Comparisons between the statue of Lenin in Seattle’s Fremont neighborhood and those of Gen. Robert E. Lee are misleading and problematic.

Share story

MY family fled the Soviet Union, escaping religious and political persecution, and arrived as refugees in Wisconsin in 1991. Immigrating from Moscow to Madison, along with being an educator and a historian, affords me a unique perspective on the current sociocultural and political climate of our country.

So, let’s talk about Lenin. More accurately, the 16-foot tall, bronze statue of Vladimir Lenin in the Fremont neighborhood of Seattle, where I’ve lived since 2013.

The debate on the statue’s merits and whether it ought to be removed is not new. However, following the rally staged by white nationalists in Charlottesville with deadly consequence for one protester — and President Donald Trump’s infamous response — the Lenin statue is once more drawing attention.

This time it is from “Make America Great Again” hat-wearing protesters, calling for the removal of the statue of the Russian revolutionary and Soviet Union leader. As noted by Kurt Schlosser of Geek Wire, the Lenin statue protesters “seized on the chance to point out left-leaning Seattle’s supposed hypocrisy.”

Supporters of President Trump calling for the statue’s removal found an unlikely ally in Seattle’s liberal, Democratic mayor, Ed Murray. He called for both the monument to Confederate soldiers at Capitol Hill’s Lake View Cemetery and the Lenin statue in Fremont to be taken down, saying they represent “historic injustices” and are symbols of hate, racism and violence.

However, Murray; Benedict Evans, a venture capitalist and outspoken Lenin-statue critic; and the hundreds of commenters on the subreddit thread the_donald who are concerned with the hypocrisy of liberals are wrong.

I am neither denying nor defending the death of millions at the hands of the Bolshevik leader — hands depicted on the Seattle statue with a permanent coat of blood-red paint. I am not a communist apologist, and I do not glorify the tyrannical rule of Lenin, or the murderous dictator who succeeded him (I should note, contrary to the apparent belief of many Reddit commenters, Lenin and Stalin were not actually the same person).

Yet, the comparison between the monuments of Lee and Lenin is misleading and problematic. It is misleading not because one was worse than the other, there are no winners in a Lee-versus-Lenin oppression Olympics. Rather, it is a false comparison because it intentionally decontextualizes the role of Confederate monuments in the United States and allows us to yet again sidestep the process of reconciling America’s history. And that is problematic.

Washington state Sen. Reuven Carlyle, D-Seattle, noted on his blog that “unlike the Confederacy statues throughout our nation which were built to formally honor those in that battle of ideas, this [Lenin] statue is distinctly not showcased in Fremont to celebrate the murderous, painful regime. It is instead installed as a testament to its defeat and the victory of open ideas through the medium and sometimes painful juxtaposition of art itself.”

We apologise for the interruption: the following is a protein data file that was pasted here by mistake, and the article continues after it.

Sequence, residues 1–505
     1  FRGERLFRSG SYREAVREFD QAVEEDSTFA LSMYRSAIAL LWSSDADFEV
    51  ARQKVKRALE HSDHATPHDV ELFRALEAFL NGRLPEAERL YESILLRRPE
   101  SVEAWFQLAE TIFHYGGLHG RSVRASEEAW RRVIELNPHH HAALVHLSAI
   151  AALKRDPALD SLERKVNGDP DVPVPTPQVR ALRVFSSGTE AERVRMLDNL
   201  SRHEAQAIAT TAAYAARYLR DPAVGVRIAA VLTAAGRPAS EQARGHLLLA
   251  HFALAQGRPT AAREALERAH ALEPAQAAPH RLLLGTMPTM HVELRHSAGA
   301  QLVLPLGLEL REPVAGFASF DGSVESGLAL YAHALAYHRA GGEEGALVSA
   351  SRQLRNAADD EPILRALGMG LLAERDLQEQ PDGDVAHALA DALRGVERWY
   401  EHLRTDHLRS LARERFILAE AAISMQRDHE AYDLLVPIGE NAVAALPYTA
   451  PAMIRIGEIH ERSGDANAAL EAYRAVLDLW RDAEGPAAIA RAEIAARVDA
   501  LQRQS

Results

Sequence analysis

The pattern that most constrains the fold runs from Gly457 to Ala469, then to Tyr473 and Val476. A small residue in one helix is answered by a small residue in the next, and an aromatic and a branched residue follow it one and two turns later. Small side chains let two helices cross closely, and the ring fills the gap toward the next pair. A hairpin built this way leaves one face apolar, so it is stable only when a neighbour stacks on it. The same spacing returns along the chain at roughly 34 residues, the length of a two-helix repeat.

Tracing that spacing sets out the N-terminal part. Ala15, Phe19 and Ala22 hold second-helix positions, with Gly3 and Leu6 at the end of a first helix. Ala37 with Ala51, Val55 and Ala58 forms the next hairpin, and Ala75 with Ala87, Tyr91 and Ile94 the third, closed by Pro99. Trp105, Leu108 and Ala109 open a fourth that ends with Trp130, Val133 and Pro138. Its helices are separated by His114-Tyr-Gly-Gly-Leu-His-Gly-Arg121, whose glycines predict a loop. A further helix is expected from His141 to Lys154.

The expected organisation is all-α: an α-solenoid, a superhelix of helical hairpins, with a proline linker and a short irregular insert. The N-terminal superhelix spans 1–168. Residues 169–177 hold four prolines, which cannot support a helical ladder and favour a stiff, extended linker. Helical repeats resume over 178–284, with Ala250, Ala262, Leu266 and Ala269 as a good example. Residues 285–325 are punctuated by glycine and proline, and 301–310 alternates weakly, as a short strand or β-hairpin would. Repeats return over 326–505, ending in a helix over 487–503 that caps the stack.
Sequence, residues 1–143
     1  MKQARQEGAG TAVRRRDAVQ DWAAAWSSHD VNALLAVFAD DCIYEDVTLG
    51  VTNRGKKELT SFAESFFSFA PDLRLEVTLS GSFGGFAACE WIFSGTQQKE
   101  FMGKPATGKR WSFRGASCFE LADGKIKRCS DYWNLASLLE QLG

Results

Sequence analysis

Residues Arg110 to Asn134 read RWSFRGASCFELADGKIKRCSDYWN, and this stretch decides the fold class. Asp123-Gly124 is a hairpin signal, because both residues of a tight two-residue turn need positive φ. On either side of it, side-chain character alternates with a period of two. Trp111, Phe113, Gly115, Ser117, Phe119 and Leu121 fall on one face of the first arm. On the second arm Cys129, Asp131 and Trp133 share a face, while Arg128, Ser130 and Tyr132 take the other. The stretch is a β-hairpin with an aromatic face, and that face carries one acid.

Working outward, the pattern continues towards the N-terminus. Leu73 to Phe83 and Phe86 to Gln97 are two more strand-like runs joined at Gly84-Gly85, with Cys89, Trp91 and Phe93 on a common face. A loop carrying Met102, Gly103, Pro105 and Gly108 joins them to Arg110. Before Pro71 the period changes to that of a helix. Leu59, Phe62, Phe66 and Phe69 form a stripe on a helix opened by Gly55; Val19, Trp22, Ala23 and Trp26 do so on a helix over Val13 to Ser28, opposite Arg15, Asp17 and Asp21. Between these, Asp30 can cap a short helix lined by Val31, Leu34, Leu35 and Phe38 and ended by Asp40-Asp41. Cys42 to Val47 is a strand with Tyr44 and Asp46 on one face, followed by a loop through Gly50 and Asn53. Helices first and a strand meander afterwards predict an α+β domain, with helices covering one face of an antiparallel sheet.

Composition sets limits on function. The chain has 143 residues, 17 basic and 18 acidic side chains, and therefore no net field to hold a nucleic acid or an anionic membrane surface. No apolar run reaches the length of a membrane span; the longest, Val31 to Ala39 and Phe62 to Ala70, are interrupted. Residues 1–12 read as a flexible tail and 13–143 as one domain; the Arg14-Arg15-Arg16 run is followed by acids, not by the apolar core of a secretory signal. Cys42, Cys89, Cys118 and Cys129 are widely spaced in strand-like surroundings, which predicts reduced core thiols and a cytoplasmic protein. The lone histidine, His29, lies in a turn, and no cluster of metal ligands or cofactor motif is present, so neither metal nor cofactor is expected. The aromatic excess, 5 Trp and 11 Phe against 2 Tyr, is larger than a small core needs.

As a Russian-Jew and descendant of those who were persecuted under Lenin, I am not triggered when I walk by the statue of Lenin. I recognize the irony of Lenin overlooking the progressive and inclusive neighborhood of Fremont. I appreciate the accompanying plaque, which explicitly states the purpose of the statue, and names Lenin’s crimes as: “communist policies that led eventually to the oppression and starvation of millions.” In addition, I do not live in a communist country, which gives me the privilege of not having to question the intent of this statue.

Conversely, the Confederate statues littered across America were not erected in jest. Their purpose was not to offer a critical lens on the American Civil War. Their plaques do not describe the atrocities committed at the hands of the Confederacy. Not only do the Confederate monuments represent taking arms against the United States, waging a war that resulted in the death of well more than 600,000 Americans, and the unwavering commitment to slavery, these statues also reside in a country still struggling with structural racism and white supremacy.

It is in this context that self-identified supporters of President Trump marched, their swastikas illuminated by torches, as they defended the statue of Gen. Lee.

In a recent interview with “Fox & Friends,” Vice President Mike Pence shared his position on the Confederate-statues debate by valuing quantity-over-quality: “I’m someone who believes in more monuments, not less monuments. What we ought to do is, we ought to remember our history, but we also ought to celebrate the progress that we’ve made since that history.”

However, all monuments were not created equal. It is imperative to recognize that while communism unequivocally lost the Cold War to democracy and capitalism, the Civil War did not defeat racism.

Conflating these two statues is an exercise in cognitive dissonance, which dilutes the national conversation. Instead of acquiescing to those who mistakenly point to the Soviet statue as a double-standard, we must remain steadfast in focusing on America, first.